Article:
In addition to Tafelmusik’s show, there are a number of notable performances that will be taking place in October. These include a modern jazz double bill, with AKKU Quintet and Living Fossil, on October 2 (Living Fossil’s debut album NEVER DIE! was reviewed in our March 2018 issue.); a live recording of radio personality Laurie Brown’s Pondercast podcast, with music provided by Joshua Van Tassel, on October 9; jazz bassist Robert Lee’s Big Band, celebrating the release of the EP Blink, on October 14; and francophone singer/songwriter Safia Nolin, fresh off the release of her third album, performing on October 25.
It also seems important to note, for those who have not yet visited, that the Burdock Music Hall is an uncommonly comfortable venue that shifts its seating structure around to accommodate the needs of specific acts and their audiences, even when those audiences comprise a variety of different demographic representatives. In a recent show I attended at Burdock, the open area in front of the stage was flanked by a few narrow rows of chairs. While enthusiastic attendees danced, those audience members who desired a bit more comfort – some of whom, let it be said, were quite possibly related to the musicians on stage – sat and enjoyed an unobstructed view of the performance. At no point did this mixed setup feel divisive or contrived; as is typically the case at Burdock, the vibe was relaxed, inclusive, and fun.
There are a number of excellent shows happening in other venues this month, not the least of which will be Sheila Jordan’s three-night engagement at Jazz Bistro, on October 4, 5 and 6. Jordan, now 89, has a storied history within the jazz community, studying with Lennie Tristano and Charles Mingus in the early 1950s, performing and recording with Herbie Nichols, George Russell and Lee Konitz in the 60s and 70s, and teaching, as artist-in-residence, at City College of New York, from 1978 through to the mid-2000s. Jordan – who was referred to as “the singer with the million dollar ears” by Charlie Parker – will be joined by pianist Adrean Farrugia and bassist Neil Swainson in an intimate trio format, whose instrumentation should prove well-suited to Jazz Bistro’s ecclesiastical acoustics.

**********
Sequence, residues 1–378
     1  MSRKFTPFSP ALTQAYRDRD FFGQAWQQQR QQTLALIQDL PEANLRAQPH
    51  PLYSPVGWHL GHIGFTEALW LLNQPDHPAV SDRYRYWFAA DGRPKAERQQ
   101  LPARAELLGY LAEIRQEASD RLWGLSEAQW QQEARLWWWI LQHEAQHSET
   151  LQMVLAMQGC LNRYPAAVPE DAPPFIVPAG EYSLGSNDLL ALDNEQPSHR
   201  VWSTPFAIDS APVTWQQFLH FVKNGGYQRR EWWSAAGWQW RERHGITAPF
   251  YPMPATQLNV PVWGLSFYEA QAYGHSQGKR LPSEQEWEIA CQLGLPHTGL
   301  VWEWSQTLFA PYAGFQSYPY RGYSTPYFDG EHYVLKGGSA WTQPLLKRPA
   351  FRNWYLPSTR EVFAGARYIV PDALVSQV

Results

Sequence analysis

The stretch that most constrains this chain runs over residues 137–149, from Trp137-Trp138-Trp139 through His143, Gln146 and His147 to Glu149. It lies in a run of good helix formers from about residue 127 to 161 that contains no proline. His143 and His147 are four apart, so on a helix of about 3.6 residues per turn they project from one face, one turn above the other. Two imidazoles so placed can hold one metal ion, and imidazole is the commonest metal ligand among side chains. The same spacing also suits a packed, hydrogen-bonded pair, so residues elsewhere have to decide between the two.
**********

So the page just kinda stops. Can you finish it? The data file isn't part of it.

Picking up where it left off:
OKAN at Lula
At Lula Lounge, OKAN celebrate the release of their debut EP recording on October 21. Co-led by Cuban-born, Toronto-based multi-instrumentalists Elizabeth Rodriguez and Magdelys Savigne – both of whom are veterans of saxophonist/flutist Jane Bunnett’s Maqueque group – OKAN fuses traditional Afro-Cuban music with jazz, pop and soul. In their live show, Rodriguez and Savigne find success both in the complementary chemistry they share as performers (Rodriguez typically stands and plays violin, while Savigne sits behind her congas; both sing.) and in their talent for deftly borrowing from various musical sources. At times OKAN’s music sounds distinctly Afro-Cuban; at other times, like pop-inflected R&B. Anchored by Rodriguez and Savigne, this month’s show should prove to be a worthwhile reason to visit Lula Lounge.
MAINLY CLUBS, MOSTLY JAZZ QUICK PICKS
OCT 4 TO 5, 9PM: Sheila Jordan, Jazz Bistro. Accompanied by local mainstays Adrean Farrugia (piano) and Neil Swainson (bass), legendary jazz singer Sheila Jordan performs in this three-night run at Jazz Bistro.
OCT 14, 9:30PM: Robert Lee, Burdock. Upright bassist Robert Lee leads his big band in celebration of the release of his EP Blink, a collection of modern jazz pieces inspired by pop, folk and classical music.
OCT 25, 9:30PM: Safia Nolin, Burdock. Francophone singer/songwriter Safia Nolin – 2017 Félix Award winner for Female Artist of the Year – performs in support of her new album, releasing October 5.
OCT 21, 6:30PM: OKAN, Lula Lounge. Co-led by Cuban-born multi-instrumentalists Elizabeth Rodriguez and Magdelys Savigne, OKAN celebrates the release of their debut EP.
Colin Story is a jazz guitarist, writer and teacher based in Toronto. He can be reached at www.colinstory.com, on Instagram and on Twitter.